My road to the Popular Brooklyn Half Marathon this year was one of many turns. To start, I had no intentions of running this race back in January. In fact, I secured a very late entry about 4 weeks before the race. Since I hadn’t run more than 6 miles in the past 6 months, the only emotion I felt when I clicked “register” was trepidation.
Despite my fear, I had an inkling that something deep inside me wanted to run this race. I had a really challenging time with the course last year. I didn’t even write my race recap until two weeks after the race because I was so dissatisfied with my performance. Even though I hadn’t followed any training program, Brooklyn became about redemption for me. I was determined to go back and beat last year’s time. I also determined to go back and not just run faster than I had before, but I wanted to feel better than I did last year.
I spent a lot of time before yesterday’s race worrying. I worried that I didn’t have enough time to train. Truthfully, I didn’t. Instead of ramping up my mileage dramatically, I decided to intensify my workouts on a much smaller scale. I’ve been running three times a week for the past year and half, so I continued with that. One day a week, I focused on hill repeats of all sorts-200s, 400s, and 800s. During my second workout, I focused on speed. My third workout was my long run, which was between 6-9 miles. I was convinced that I was entering the race with too low mileage; however, I always experience overuse injuries of some sort when I increase my mileage drastically.
This was the first time in my life that I ran a half marathon without a 12-miler under my belt in the weeks preceding the race. At the start line, I had to rely on faith-faith in myself and faith in my training to propel me through the course. I often hear that running is partially a mental battle, and that especially applied to me since I hadn’t completed any training program. I had to believe in myself because that was really all I had.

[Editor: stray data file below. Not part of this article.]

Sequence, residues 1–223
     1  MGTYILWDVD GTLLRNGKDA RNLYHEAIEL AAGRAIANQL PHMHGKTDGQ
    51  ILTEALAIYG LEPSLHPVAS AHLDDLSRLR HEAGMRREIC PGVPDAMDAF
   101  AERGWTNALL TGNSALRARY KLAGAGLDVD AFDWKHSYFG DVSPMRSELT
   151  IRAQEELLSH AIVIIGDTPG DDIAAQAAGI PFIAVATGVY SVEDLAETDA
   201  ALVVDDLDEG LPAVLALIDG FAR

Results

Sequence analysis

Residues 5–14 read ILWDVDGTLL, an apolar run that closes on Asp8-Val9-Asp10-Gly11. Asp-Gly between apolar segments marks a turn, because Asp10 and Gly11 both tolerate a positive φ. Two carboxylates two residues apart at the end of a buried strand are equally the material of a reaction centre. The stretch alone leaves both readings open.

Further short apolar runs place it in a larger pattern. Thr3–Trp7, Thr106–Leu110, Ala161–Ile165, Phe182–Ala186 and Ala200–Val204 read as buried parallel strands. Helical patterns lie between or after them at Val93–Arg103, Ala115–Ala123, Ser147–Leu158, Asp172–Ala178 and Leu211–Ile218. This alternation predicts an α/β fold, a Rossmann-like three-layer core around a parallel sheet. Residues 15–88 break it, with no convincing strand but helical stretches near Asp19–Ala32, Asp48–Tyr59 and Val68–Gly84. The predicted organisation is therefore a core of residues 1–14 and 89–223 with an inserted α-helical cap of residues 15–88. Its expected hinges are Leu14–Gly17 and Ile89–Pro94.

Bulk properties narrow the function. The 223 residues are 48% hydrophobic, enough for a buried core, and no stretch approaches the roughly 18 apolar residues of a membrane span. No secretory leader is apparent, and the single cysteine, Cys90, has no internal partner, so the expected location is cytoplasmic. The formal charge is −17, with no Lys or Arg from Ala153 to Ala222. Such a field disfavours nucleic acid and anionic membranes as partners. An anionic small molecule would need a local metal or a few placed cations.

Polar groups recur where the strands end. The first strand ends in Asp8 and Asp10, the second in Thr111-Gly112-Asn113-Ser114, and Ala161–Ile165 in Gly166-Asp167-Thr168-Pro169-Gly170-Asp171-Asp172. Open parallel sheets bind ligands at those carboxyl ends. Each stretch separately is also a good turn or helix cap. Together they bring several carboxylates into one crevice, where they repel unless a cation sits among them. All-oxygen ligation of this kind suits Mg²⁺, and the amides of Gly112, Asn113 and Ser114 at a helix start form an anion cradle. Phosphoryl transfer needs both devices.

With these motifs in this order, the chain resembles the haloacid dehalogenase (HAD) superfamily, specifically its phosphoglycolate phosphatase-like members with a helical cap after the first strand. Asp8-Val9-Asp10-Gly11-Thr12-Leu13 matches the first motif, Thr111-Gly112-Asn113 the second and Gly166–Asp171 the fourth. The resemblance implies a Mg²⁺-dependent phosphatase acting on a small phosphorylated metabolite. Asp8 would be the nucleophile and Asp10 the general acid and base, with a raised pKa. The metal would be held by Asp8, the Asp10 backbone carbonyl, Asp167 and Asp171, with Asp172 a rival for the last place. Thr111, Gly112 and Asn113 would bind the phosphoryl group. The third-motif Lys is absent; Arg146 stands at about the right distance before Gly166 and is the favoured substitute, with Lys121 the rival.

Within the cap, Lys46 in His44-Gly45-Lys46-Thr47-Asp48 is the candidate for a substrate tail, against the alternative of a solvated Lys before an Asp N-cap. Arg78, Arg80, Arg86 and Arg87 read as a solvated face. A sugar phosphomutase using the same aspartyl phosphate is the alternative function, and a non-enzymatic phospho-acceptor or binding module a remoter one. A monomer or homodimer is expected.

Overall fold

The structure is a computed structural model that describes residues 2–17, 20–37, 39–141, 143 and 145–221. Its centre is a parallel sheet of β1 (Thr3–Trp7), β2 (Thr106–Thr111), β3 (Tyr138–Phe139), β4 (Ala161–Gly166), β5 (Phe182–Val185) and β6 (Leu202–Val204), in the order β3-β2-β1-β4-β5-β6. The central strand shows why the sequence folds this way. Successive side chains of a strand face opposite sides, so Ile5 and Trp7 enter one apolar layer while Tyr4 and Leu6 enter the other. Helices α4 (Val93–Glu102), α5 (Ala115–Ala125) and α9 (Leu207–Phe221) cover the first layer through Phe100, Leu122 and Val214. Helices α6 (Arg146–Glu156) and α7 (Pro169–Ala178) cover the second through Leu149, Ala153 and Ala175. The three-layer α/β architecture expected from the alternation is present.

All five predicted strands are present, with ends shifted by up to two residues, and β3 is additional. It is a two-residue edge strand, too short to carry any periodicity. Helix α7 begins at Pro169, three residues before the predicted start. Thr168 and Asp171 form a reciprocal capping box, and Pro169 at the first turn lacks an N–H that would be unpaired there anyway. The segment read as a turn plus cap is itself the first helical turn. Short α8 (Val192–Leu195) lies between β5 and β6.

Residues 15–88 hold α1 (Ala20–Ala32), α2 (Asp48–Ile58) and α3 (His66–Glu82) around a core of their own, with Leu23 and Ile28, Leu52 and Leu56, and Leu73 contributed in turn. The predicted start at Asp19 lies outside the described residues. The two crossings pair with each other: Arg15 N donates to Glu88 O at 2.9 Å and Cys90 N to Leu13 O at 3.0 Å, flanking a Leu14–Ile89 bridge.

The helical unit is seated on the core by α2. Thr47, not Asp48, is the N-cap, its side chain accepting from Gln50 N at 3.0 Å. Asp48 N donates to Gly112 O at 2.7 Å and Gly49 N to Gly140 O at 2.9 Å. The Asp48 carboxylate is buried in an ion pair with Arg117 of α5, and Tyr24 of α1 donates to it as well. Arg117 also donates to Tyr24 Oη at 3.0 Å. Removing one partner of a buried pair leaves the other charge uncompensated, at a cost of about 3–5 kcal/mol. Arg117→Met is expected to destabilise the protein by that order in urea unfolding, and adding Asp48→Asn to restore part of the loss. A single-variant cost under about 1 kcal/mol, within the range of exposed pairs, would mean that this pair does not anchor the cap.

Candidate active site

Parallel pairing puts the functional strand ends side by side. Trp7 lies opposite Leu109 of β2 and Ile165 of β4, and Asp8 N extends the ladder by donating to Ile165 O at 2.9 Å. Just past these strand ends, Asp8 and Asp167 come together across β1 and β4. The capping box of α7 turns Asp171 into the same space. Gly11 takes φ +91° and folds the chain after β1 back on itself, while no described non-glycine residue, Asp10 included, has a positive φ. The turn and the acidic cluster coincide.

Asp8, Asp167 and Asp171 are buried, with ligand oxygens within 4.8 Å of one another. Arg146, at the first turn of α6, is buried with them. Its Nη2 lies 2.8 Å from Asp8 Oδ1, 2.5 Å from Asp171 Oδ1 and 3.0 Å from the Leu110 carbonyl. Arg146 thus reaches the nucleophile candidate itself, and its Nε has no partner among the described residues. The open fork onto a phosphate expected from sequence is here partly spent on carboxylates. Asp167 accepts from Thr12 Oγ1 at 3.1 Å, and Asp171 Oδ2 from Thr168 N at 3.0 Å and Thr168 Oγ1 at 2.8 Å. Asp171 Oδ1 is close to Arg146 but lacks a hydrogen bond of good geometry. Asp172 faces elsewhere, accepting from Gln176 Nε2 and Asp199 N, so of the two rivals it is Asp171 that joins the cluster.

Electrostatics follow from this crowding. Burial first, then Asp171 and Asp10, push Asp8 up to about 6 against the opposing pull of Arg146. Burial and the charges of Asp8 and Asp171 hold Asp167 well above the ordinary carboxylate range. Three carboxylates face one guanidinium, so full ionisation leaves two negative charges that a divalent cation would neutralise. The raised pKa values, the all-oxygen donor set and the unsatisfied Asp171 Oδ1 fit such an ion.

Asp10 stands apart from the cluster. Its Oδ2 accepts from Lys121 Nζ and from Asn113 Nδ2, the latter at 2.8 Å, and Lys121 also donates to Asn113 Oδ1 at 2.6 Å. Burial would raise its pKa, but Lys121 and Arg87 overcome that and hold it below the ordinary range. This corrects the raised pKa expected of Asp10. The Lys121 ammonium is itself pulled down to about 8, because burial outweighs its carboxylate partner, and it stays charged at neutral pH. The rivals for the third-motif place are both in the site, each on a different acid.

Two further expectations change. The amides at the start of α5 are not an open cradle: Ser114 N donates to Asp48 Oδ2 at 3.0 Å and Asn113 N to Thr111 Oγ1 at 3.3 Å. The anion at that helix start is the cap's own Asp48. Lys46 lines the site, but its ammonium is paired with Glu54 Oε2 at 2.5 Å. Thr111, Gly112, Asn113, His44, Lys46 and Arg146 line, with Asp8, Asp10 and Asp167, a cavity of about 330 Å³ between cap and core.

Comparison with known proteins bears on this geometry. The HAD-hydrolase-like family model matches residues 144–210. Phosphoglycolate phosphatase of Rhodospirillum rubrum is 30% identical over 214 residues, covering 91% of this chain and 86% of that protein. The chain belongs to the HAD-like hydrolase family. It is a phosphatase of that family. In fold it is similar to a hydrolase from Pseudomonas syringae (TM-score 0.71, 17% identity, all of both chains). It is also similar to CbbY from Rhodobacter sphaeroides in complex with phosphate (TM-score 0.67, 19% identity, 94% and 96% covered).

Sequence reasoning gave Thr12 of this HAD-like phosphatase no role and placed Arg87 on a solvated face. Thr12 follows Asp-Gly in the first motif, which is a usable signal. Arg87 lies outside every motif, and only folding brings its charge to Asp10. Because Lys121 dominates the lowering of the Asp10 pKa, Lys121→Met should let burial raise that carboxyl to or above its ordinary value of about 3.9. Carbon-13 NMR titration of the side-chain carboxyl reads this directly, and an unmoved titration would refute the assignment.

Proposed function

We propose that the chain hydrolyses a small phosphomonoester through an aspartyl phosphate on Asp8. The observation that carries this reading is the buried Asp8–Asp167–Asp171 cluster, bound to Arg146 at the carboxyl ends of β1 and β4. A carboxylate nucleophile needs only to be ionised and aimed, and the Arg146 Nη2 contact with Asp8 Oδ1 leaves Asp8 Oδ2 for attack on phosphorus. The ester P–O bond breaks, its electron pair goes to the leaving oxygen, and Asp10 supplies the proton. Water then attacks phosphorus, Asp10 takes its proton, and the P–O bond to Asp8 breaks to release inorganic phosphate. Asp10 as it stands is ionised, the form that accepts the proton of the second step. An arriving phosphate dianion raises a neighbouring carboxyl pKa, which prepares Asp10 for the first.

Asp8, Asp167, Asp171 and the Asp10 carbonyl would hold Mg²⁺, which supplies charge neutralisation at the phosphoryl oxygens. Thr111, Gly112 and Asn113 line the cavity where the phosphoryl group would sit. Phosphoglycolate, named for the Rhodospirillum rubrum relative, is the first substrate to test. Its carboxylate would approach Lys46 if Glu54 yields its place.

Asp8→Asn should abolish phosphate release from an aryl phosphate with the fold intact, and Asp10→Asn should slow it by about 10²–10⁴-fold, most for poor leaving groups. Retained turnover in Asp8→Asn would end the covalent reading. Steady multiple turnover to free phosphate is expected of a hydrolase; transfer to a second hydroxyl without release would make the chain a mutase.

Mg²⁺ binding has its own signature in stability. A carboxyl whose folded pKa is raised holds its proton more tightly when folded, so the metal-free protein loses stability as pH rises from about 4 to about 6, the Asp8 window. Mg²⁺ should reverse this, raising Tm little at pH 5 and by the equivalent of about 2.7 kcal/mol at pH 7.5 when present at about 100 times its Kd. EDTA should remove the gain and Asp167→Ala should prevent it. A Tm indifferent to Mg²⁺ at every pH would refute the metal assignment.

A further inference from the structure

Last year, the hills in Prospect Park almost knocked me out of the game. I hit a wall at mile 7.5, which had never happened to me before. I had to slow down significantly just to continue running the race. I was discouraged and disappointed. This year, I knew that I had to crush the hills in Prospect Park and make it to mile 8. I did that and much more! Even though it rained the entire race, I found myself running with a smile. I was happy! When I saw the sign for mile 8 and I felt strong, I was even happier. I realized that I was not only on track to finish the race without keeling over, I was actually on track to PR!
In the last 5 miles, I felt nothing but excitement. My clothes were soaked and I was praying that my phone wouldn’t get water damage, but that didn’t stop from trying to run my fastest. When I reached the “800 meters left” sign, I pushed even harder. I was going to give the race every ounce of energy I had. When I crossed the finish line and looked up at the clock, I was excited to see that I beat my time last year by 8 minutes and 17 seconds! I did miss my overall half marathon PR by 1 minute and 50 seconds, but considering I came so close on a course with hills in the pouring rain is huge.
It’s been 24 hours in the race, and I’m still basking in my victory. It was so unexpected, which made it even more surprising! I think that my low-stress training program helped a lot. Last year, I was very concerned about mileage and as a result, spent about 6 months out of the year icing my injuries and running through pain. This year, I focused more on having quality workouts, strength training 3 times weekly, and going to yoga class. Everyone’s training needs are different, and I think that I might just be settling into finding my own.
As for future races, I’m planning on a 10k in few weeks. It will also be an anniversary race for me. For now, I’m going to enjoy my recovery so that I can get back to preparing for my 10k!